Common Inpatient Coding Errors and Proactive Strategies To Avoid Them

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Posted by Global Healthcare Resource & Lisa Eramo on Jan 18, 2024 11:43:09 AM

Inpatient coding is an intensive and complex process, leaving tremendous room for error. Unfortunately, simple mistakes can lead to devastating consequences for providers and patients. For example, an inpatient medical coding error may cause significant revenue loss for a hospital that needs the money to retain its staff. It could prevent patients from accessing the care they need when timely attention is critical. A pattern of medical coding errors could put an organization at risk for audits and unanticipated recoupments. You get the point.

 What can healthcare organizations do to minimize mistakes for a process as nuanced as inpatient coding? Global Healthcare Resource's medical coding experts, Viba Raghavendran, Sivaraj Ramesh, and Samson Kumaraswamy share their thoughts on seven of the most common errors and proactive strategies to avoid them.

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Top inpatient coding errors that cause denials: 

  1. Inaccurate or incomplete documentation. When healthcare providers fail to document essential details of a patient’s diagnosis, treatment, and procedures, medical coders may not assign accurate and complete medical codes. This can result in denials due to unspecified codes, lack of medical necessity, and a whole host of other reasons. 

  2. Inconsistent diagnosis and procedure codes. Medical coders may assign a diagnosis code that doesn’t match the procedure the clinician performed. Again, lack of medical necessity becomes the issue.

  3. Inconsistent or missing modifiers. Medical coders may accidentally omit a necessary modifier or use the wrong one with a particular procedure code.

  4. Invalid codes. Using outdated medical codes may result in denials or delayed payments.

  5. Registration errors and omissions. Incorrect demographic and insurance information may lead to denials due to lack of coverage or because the patient has another insurance that is primary. This error becomes particularly problematic at the beginning of the year when patients often switch insurance plans and healthcare deductibles reset.

  6. Unbundling. Medical coders may separately bill components of a service for which there is a comprehensive medical code.

  7. Upcoding or downcoding. Medical coders must assign codes that reflect the actual service provided. Assigning a higher-level medical code to gain additional reimbursement (i.e., upcoding) or assigning a lower-level code to avoid denials or reduce the patient’s financial responsibility (i.e., downcoding) has legal and financial consequences.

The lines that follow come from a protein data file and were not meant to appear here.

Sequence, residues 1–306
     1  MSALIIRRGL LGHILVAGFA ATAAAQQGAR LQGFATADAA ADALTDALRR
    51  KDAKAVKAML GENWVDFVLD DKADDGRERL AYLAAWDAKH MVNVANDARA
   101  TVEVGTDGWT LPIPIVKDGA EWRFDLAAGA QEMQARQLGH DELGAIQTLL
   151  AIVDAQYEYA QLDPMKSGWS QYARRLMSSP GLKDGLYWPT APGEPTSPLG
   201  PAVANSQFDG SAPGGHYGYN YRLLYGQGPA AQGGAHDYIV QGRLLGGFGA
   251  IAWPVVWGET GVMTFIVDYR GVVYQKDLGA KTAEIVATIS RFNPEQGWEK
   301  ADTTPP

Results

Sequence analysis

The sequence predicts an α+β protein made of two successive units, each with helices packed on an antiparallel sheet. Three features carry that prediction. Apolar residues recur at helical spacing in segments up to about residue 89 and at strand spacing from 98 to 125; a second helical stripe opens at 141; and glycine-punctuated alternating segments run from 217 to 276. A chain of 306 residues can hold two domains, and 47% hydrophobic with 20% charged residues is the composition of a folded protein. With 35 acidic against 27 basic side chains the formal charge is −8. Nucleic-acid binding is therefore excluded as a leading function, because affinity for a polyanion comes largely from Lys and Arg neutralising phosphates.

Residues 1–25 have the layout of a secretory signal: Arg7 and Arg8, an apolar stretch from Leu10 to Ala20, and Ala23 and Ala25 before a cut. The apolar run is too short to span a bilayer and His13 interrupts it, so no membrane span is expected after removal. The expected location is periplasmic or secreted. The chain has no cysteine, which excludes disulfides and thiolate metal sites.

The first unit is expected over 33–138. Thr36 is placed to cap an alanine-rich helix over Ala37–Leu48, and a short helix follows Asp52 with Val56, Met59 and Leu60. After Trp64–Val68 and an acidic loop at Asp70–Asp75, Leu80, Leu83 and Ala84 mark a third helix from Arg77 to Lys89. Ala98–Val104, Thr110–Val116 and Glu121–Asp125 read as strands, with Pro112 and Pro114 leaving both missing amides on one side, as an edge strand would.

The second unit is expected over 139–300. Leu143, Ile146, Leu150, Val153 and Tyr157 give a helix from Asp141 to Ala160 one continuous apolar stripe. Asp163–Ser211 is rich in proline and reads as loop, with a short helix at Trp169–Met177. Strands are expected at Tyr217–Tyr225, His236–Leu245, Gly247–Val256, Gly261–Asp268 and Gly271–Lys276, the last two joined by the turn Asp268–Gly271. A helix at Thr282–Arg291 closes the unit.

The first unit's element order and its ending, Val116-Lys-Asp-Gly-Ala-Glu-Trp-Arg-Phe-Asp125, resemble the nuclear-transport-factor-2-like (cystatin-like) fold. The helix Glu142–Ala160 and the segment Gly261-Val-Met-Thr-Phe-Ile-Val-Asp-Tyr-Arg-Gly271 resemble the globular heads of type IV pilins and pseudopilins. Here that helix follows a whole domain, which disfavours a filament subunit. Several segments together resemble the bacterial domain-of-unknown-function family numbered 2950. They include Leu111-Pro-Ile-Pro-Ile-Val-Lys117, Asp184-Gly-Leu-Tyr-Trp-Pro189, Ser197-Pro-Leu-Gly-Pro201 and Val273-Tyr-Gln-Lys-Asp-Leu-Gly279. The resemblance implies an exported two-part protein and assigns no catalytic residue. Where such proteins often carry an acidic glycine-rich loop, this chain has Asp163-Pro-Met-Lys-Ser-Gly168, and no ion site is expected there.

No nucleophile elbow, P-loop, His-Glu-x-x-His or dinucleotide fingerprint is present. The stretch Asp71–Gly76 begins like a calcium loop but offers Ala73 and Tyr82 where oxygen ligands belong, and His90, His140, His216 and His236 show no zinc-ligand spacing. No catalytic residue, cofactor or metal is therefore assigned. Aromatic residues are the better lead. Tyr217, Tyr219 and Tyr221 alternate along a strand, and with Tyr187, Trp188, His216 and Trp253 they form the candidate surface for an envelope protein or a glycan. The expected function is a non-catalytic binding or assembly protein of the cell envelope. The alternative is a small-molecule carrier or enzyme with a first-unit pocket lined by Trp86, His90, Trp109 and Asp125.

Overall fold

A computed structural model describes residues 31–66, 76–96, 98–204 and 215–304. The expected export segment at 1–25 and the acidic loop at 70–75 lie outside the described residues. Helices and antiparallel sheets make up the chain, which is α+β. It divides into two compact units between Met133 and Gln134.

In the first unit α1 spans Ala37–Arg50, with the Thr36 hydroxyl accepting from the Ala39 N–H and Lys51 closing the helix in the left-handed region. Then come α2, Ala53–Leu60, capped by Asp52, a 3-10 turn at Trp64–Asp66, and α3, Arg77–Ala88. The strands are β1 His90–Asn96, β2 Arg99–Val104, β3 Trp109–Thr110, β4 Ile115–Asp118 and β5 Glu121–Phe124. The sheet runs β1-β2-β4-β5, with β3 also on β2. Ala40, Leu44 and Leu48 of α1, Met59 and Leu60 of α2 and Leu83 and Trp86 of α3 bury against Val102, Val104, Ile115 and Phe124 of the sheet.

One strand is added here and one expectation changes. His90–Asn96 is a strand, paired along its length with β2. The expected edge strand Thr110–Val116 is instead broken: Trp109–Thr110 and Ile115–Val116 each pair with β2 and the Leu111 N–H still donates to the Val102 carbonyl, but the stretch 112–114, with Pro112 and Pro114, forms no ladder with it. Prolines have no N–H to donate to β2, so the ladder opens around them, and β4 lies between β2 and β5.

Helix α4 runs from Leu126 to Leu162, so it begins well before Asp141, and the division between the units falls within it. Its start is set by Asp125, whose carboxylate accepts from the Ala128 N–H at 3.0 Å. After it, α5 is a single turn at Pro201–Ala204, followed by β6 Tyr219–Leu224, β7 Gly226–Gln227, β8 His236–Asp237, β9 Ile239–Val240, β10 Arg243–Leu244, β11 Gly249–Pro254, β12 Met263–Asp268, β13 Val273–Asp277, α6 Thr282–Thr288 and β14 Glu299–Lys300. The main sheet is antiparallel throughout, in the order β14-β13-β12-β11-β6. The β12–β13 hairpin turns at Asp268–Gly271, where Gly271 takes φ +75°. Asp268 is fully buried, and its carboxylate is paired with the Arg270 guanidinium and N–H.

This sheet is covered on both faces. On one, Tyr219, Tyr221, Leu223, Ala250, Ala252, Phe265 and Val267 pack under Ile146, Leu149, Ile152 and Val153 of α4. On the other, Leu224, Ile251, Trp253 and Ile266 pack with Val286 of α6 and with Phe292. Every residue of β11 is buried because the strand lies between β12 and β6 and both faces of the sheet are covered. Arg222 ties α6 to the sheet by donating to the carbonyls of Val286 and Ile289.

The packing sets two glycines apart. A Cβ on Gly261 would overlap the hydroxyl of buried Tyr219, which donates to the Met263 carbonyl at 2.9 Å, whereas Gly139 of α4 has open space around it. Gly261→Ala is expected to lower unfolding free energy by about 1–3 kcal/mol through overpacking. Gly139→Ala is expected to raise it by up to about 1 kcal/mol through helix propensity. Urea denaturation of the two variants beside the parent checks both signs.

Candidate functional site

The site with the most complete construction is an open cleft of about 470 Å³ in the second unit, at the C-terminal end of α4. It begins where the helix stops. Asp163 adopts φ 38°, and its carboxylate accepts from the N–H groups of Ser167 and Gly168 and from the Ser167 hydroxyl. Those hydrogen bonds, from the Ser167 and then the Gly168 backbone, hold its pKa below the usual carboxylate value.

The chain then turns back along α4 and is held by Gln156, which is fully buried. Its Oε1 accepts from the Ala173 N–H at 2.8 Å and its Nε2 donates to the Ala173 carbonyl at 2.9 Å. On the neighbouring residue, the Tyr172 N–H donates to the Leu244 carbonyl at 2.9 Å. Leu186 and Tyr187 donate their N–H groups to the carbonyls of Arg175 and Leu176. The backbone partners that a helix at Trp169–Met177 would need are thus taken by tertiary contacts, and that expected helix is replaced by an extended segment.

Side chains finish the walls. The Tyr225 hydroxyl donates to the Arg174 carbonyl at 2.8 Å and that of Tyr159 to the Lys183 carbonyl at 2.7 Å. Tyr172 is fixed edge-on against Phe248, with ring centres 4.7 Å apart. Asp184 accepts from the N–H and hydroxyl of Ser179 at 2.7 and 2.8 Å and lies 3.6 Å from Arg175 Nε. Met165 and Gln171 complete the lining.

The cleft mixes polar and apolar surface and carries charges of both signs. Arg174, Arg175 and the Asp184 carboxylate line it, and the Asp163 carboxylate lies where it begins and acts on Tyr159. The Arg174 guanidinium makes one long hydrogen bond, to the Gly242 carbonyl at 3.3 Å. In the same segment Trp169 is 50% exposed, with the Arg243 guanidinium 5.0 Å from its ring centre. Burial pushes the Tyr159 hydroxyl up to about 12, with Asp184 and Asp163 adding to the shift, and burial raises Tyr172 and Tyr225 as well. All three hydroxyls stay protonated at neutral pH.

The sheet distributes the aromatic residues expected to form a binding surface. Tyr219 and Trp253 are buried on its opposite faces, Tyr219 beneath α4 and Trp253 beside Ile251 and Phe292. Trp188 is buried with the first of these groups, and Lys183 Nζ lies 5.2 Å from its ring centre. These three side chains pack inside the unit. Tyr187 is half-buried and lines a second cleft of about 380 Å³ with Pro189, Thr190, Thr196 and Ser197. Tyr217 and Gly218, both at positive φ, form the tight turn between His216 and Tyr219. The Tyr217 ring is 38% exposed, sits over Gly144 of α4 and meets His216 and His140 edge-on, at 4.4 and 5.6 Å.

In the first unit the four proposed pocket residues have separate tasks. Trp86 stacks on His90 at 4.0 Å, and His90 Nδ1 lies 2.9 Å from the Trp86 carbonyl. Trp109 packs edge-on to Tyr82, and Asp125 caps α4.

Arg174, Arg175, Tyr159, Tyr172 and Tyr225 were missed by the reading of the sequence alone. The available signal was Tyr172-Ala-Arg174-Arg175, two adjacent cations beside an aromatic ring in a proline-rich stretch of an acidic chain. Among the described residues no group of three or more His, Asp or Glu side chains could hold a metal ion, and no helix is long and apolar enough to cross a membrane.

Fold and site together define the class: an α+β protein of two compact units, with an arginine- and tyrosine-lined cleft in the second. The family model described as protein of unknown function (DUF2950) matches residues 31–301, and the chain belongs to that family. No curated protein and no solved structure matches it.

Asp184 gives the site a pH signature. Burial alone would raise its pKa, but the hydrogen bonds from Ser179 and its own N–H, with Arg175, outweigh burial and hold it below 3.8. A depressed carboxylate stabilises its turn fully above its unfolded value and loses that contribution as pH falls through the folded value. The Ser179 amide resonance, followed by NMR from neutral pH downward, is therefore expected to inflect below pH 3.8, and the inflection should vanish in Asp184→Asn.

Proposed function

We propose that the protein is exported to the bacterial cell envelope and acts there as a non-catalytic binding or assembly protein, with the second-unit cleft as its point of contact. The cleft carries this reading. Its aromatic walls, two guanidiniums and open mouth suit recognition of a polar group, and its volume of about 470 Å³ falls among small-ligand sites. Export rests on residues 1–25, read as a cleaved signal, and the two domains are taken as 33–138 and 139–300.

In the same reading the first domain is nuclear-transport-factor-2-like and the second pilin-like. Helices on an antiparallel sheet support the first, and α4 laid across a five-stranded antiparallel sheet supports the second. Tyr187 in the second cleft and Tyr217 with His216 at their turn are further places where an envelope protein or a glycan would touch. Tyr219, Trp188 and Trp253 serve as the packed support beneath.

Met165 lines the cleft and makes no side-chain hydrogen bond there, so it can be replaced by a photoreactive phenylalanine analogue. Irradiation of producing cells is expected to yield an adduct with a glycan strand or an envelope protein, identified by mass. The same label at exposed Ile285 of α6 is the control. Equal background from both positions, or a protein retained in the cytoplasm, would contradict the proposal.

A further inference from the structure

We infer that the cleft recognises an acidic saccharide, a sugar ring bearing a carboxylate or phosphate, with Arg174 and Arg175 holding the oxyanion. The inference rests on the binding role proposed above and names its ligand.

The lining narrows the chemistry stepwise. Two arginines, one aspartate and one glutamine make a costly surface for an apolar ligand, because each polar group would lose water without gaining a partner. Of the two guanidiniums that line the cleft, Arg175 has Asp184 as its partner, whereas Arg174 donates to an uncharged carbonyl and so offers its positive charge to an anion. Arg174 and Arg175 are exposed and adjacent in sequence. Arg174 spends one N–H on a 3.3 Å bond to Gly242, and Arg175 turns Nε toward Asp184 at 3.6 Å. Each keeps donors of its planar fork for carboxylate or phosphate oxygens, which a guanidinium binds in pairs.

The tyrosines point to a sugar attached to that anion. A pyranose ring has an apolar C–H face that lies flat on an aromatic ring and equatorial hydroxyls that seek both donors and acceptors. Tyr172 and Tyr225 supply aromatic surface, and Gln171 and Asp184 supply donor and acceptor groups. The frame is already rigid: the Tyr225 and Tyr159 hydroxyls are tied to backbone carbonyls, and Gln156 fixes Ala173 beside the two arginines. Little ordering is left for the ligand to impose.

Seven proactive strategies to reduce inpatient medical coding errors:

  1. Audit claims regularly. New medical codes for FY 2024 promote increased specificity and granularity. Ensure documentation and medical coding reflect these changes. Ongoing audits can also identify other inaccuracies and inform targeted audits and educational opportunities.

  2. Don’t forget about omissions. Omitting diagnosis codes is never a good idea, and it can have a negative impact on risk adjustment and the ability to close care gaps. Ensure coders and nurses work together to capture hierarchical condition category codes and engage patients proactively.

  3. Enforce clear, updated internal coding guidelines. Identify how you’ll handle certain complex coding scenarios for certain payers as well as how you’ll promote overall coding compliance and revenue integrity. 

  4. Invest in medical coder education and training. Regularly train medical coding staff on the latest coding guidelines and medical coding updates. For example, did you know that 395 new ICD-10-CM codes took effect October 1, 2023? The sheer volume and specificity of these codes can pose documentation and compliance challenges. Similarly, there are 25 medical code deletions and 13 revisions. There are also ICD-10-PCS code changes to review for fiscal year (FY) 2024. Coders must understand these changes, review complementary changes in the FY 2024 ICD-10-CM official coding guidelines and FY 2024 ICD-10-PCS official coding guidelines, and always strive to assign the most accurate and complete codes possible.

  5. Keep physicians in the loop. While physicians don’t need to understand the ins and outs of every medical code and payer requirement, what they do need know is this: Clinical documentation impacts medical code assignment. If new medical codes are more specific or have a different description, physicians may need to tailor their documentation accordingly. 

  6. Leverage technology. Use advanced coding software and tools to assist with coding accuracy and augment staff capabilities. Ensure that tools are updated with the latest coding changes and revisions.

  7. Promote open communication. Identify ways to share feedback and invite dialogue between clinicians, coders, and billers. Sometimes all it takes is getting everyone in the same room to problem solve.

With inpatient medical coding, the goal is not to eliminate 100% of the errors that occur. However, drastically reducing them with the help of education, audits, policies, and technology is possible. Take a proactive approach in the New Year and beyond.


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